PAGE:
When asked about the virus during a Monday media luncheon in Knoxville, Jerry Caldwell, BMS executive vice president and general manager, referred to a company statement.
“Bristol Motor Speedway is closely monitoring facts and recommendations from public health officials,” the statement read. “The CDC’s current risk assessment says COVID-19 is not currently widespread in the United States and for most people, the immediate risk of being exposed to the virus is low.
“To prevent the spread of cold, flu or COVID-19, experts are encouraging prevention, not panic, and asking people to practice good hygiene — frequent hand-washing, using hand sanitizer and covering sneezes and coughs. We are adding hand-washing stations and will encourage our guests through our many means of communication to use good hygiene while enjoying our events.”
Caldwell then added that the coronavirus situation is like a number of issues with fans: Safety is No. 1, but officials of course want fans have a good time at the speedway.
“We’re always exploring how are we making sure it’s safe for the race fans,” Caldwell said. “It’s certainly something we’ve paid attention to and why we’ve issued our statements. We continue to encourage fans to take care of our hygiene and make sure we’re smart with how we’re handling race weekend, but also have some fun. We can do those together.”
NASCAR issued a statement concerning the coronavirus last week.
“The health and safety of our fans, competitors, employees and everyone associated with IMSA, ARCA and NASCAR remains our top priority,” the statement read. “We are in regular communication with relevant authorities and will continue to monitor the situation closely.”
Formula One, the world’s most popular motorsports body, announced Saturday the Bahrain Grand Prix on March 22 will be run without any spectators.
Xfinity Series Justin Allgaier saw some of the precautions taken during NASCAR’s West Coast swing covering races at Las Vegas, California and Phoenix. He knows how reliant NASCAR is on the fan experience.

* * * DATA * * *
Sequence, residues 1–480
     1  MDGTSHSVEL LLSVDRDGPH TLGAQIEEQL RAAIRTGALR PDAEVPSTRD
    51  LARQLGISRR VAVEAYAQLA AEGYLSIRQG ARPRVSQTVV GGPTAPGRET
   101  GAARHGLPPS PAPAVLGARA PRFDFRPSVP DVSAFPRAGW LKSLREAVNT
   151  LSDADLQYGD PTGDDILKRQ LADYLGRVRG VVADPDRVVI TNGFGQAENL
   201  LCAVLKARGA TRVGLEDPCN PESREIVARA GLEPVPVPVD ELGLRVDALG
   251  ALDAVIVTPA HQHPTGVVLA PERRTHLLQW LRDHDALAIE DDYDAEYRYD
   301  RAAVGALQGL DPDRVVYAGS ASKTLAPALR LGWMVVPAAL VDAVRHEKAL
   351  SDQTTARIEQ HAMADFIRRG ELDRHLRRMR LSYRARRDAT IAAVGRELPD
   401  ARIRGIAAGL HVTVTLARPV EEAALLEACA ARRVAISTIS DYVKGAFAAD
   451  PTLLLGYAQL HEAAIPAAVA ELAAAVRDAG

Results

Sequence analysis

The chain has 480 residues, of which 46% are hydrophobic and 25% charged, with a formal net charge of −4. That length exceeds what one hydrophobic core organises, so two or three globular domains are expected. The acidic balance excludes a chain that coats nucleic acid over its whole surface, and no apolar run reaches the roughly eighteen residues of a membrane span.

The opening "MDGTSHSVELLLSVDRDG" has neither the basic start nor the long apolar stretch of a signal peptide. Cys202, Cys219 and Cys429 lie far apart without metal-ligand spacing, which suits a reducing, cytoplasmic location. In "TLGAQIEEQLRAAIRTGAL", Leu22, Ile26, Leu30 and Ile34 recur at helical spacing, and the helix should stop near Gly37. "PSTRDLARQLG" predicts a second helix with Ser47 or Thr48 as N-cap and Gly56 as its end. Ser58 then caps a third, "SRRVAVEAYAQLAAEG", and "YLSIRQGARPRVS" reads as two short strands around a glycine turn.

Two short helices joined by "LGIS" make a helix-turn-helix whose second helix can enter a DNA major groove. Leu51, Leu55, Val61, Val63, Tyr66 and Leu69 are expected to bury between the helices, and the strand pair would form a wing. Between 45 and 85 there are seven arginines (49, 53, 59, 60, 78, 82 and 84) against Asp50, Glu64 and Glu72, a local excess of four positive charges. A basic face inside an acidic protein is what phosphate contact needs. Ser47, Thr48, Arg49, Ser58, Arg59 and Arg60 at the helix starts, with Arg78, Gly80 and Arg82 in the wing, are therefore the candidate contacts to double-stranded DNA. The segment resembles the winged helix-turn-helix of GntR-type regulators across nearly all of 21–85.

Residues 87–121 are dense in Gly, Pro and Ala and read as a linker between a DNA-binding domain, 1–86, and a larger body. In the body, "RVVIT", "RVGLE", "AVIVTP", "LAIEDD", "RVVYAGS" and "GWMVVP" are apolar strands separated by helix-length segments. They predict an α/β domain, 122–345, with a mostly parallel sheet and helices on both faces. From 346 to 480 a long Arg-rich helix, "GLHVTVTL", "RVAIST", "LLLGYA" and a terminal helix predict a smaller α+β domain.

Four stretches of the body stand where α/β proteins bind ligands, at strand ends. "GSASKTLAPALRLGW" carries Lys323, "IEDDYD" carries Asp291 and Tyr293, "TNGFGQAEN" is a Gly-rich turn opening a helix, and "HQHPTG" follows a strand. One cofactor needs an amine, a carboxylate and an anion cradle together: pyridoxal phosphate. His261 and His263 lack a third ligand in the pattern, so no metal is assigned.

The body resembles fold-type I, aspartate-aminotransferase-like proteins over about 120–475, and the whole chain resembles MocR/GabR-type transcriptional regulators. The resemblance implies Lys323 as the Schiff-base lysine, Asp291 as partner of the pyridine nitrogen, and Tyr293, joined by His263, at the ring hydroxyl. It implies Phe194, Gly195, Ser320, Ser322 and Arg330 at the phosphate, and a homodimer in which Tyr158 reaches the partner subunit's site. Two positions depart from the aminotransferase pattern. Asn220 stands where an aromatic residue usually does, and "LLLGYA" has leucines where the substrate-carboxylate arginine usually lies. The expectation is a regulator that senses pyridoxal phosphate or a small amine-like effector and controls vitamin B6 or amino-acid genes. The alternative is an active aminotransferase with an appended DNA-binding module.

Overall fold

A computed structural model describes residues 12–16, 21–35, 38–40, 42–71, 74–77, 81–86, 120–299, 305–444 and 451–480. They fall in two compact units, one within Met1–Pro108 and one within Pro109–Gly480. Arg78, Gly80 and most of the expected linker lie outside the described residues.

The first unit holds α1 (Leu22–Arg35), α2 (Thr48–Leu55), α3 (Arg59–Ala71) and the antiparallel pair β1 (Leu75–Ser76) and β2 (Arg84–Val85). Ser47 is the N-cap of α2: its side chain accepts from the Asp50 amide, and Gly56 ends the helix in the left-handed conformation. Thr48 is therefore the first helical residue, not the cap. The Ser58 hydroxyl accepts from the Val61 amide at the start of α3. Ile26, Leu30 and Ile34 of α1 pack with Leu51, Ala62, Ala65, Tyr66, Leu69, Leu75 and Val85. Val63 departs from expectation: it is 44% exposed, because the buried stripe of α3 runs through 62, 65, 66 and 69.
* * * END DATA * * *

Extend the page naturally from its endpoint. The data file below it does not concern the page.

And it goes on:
“The series and racetracks have done a great job making sure we have space, more cleaning stations and more access in the bathrooms for cleaning your hands,” Allgaier said. “I feel like as a community, we’re doing a good job trying to prevent the spread.
“Hopefully it doesn’t get to an epidemic like other countries. You hope when we have a race weekend scheduled, it doesn’t affect the fans’ experience. The most important part of our sport is the fan experience. Yes, we want to win races, but it’s about a great time for our fans and their getting the most of the hard-earned money they’re spending.”
He called fan access the great part of the sport and something he doesn’t want to see diminished. Whether a meet-and-greet session or giving an autograph, however, he said he’s taking precautions.
“You obviously have to be somewhat concerned about it,” Allgaier said. “Some drivers have gone from handshakes to fist bumps. For me, I carry a Sharpie with me everywhere I go and I’m constantly using my own.”
JUST THE GOOD OL’ BOYS
More guests have been announced for Hazzard Fest at Volunteer Speedway on May 8-9.
Tom Wopat, who portrayed Luke Duke on the TV show “The Dukes of Hazzard,” will be one of the musical acts. The lineup also includes Darryl Worley, Andy Griggs, Jamie O’Neal and Whey Jennings, grandson of the show’s narrator, Waylon Jennings.
Other cast members scheduled to attend include Catherine Bach, who played Daisy Duke, and Byron Cherry, a former East Tennessee State football player who played Coy Duke in the fifth season.
Professional wrestling legends including former WWE world champion Sergeant Slaughter, Hacksaw Jim Duggan, Rock n’ Roll Express Ricky Morton, “Boogie Woogie Man” Jimmy Valiant and Kelly Kelly. Former professional fighter Eric “Butterbean” Esch is also scheduled to attend.
Concerts, comedy shows, meet-and-greets, car shows and a full night of dirt track racing are scheduled for May 9.
Contact Jeff Birchfield via email at email@example.com.